Supreme Court clarifies employment contract qualification test

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Supreme Court clarifies employment contract qualification test

Whether parties intended to enter into an employment contract is irrelevant.

Ever since the 1997 Groen/Schoevers judgment, the parties’ intentions is a major criterion in assessing whether an employment contract exists. However, in its judgment of 6 November last the Supreme Court made it clear that those parties’ intentions are relevant only for the purposes of determining which rights and obligations the parties have agreed upon. Whether the parties intended to enter into an employment contract is irrelevant. You can read about the practical consequences of this judgment in the blog below.

On 6 November 2020, the Supreme Court ruled that, contrary to what was implied by the leading Groen/Schoevers judgment, the parties’ intentions should not play a role in determining whether a contract is to be considered an employment contract. Hence, in qualifying a contract as an employment contract it is irrelevant whether the parties actually intended it to be covered by the statutory provisions governing employment contracts. The key issue, according to the Supreme Court, is whether the agreed rights and obligations meet the legal definition of employment contract.

Nevertheless, the above does not mean that the parties’ intentions are completely irrelevant when it comes to qualifying a contract. According to the Supreme Court, before addressing the matter of qualification, the first question to be answered is what rights and obligations the parties have agreed on. The Haviltex criterion must be the basis for answering this question. In this respect the parties’ intentions most certainly have an – often important - role to play.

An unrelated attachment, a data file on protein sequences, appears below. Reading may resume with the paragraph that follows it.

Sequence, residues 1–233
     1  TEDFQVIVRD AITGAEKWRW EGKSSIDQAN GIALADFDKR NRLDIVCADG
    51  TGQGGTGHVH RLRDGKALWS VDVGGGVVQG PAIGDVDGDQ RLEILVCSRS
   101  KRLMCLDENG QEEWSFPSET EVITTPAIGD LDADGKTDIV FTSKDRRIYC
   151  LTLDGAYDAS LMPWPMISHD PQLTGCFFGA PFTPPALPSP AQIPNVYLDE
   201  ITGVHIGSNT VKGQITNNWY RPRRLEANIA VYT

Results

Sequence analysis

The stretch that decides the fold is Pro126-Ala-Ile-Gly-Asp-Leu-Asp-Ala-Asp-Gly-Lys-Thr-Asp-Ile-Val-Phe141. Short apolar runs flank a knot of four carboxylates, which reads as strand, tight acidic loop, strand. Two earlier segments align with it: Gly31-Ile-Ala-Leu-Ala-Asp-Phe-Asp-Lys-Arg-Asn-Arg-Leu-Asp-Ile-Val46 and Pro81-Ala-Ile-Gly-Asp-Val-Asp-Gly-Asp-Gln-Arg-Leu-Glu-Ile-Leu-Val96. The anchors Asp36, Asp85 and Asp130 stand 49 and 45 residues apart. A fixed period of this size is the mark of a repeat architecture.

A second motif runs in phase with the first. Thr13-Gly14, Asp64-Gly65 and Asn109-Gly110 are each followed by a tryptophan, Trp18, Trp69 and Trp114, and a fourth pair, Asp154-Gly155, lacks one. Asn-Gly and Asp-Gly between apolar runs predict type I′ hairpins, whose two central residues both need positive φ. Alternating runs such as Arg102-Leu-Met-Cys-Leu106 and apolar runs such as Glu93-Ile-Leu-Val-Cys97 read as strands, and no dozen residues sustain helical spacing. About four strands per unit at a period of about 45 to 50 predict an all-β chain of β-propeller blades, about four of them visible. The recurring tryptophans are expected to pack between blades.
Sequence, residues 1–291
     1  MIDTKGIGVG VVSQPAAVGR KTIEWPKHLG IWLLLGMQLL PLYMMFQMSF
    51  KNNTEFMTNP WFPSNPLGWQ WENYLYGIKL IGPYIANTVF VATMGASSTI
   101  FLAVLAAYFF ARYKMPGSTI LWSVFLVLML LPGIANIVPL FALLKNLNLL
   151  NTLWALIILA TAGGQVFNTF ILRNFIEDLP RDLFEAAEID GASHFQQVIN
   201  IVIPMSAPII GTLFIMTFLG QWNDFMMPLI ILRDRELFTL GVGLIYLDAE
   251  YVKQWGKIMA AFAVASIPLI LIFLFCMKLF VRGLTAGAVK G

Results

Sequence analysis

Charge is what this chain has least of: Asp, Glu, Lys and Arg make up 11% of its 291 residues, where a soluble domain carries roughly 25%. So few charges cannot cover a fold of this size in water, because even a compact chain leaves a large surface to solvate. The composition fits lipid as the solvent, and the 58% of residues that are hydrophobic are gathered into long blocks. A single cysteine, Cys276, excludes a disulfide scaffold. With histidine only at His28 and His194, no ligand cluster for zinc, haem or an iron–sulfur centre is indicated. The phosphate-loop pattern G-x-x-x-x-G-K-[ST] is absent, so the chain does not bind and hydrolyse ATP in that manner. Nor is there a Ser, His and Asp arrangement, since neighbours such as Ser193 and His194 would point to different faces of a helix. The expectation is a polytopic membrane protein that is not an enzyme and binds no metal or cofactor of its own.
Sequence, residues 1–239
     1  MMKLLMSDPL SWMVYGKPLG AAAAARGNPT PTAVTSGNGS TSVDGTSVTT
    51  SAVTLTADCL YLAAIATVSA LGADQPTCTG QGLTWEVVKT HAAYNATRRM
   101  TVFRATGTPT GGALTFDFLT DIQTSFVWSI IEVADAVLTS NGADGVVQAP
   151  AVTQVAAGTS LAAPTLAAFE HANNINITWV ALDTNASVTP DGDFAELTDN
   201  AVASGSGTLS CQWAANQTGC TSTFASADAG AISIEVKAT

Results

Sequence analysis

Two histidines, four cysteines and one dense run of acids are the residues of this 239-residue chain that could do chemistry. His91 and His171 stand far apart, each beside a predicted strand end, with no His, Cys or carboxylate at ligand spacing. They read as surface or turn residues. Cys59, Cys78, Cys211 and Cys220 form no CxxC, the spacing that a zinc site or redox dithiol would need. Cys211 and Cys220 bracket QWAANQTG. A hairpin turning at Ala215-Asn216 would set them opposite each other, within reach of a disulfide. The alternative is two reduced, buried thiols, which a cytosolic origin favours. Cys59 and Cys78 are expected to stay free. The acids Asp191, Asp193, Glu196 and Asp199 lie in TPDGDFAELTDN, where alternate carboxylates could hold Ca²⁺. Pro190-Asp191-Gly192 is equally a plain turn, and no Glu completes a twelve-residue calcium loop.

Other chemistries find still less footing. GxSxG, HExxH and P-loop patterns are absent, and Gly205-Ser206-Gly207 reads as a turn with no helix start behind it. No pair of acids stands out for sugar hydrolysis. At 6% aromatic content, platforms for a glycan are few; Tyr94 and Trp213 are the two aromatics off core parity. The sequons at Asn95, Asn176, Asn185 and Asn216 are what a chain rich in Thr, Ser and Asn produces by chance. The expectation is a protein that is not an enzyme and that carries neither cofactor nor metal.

The qualification of an employment contract in a nutshell

In the leading Groen/Schoevers judgment of 1997, the Supreme Court answered the question how to substantively address a dispute on the qualification of a contract. At the time, the Supreme Court, in respect of assessing the existence of an employment contract, not only considered the actual performance of the contract to be important. The parties’ intentions, too, had to be taken into account. Thus, the Groen/Schoevers judgment meant that from that point onwards, any consideration and assessment of the presence or absence of the various elements of an employment contract as laid down by law (work, remuneration and supervision and control), from a labour law perspective also had to include an assessment of the parties’ intentions.

The Supreme Court’s 6 November judgment puts an end to the above practice. According to the Supreme Court, the fact that the parties may or may not have intended to agree on an employment contract should not be taken into account when qualifying the contract. Hence, the parties’ intentions are considered irrelevant to the qualification issue as a whole.

Still, as briefly touched upon above, this does not mean there no longer is any room at all for the parties’ intentions. The Supreme Court concludes that two questions should be distinguished. First of all, based on the Haviltex criterion the rights and obligations that the parties have agreed on need to be established. Logically, the parties’ intentions still play a major or minor role in this respect. Once the agreed rights and obligations have been established based on the Haviltex criterion (explanation), the court can proceed to the next question. On the basis of those agreed rights and obligations it can subsequently assess whether the contract has the characteristics of an employment contract (qualification).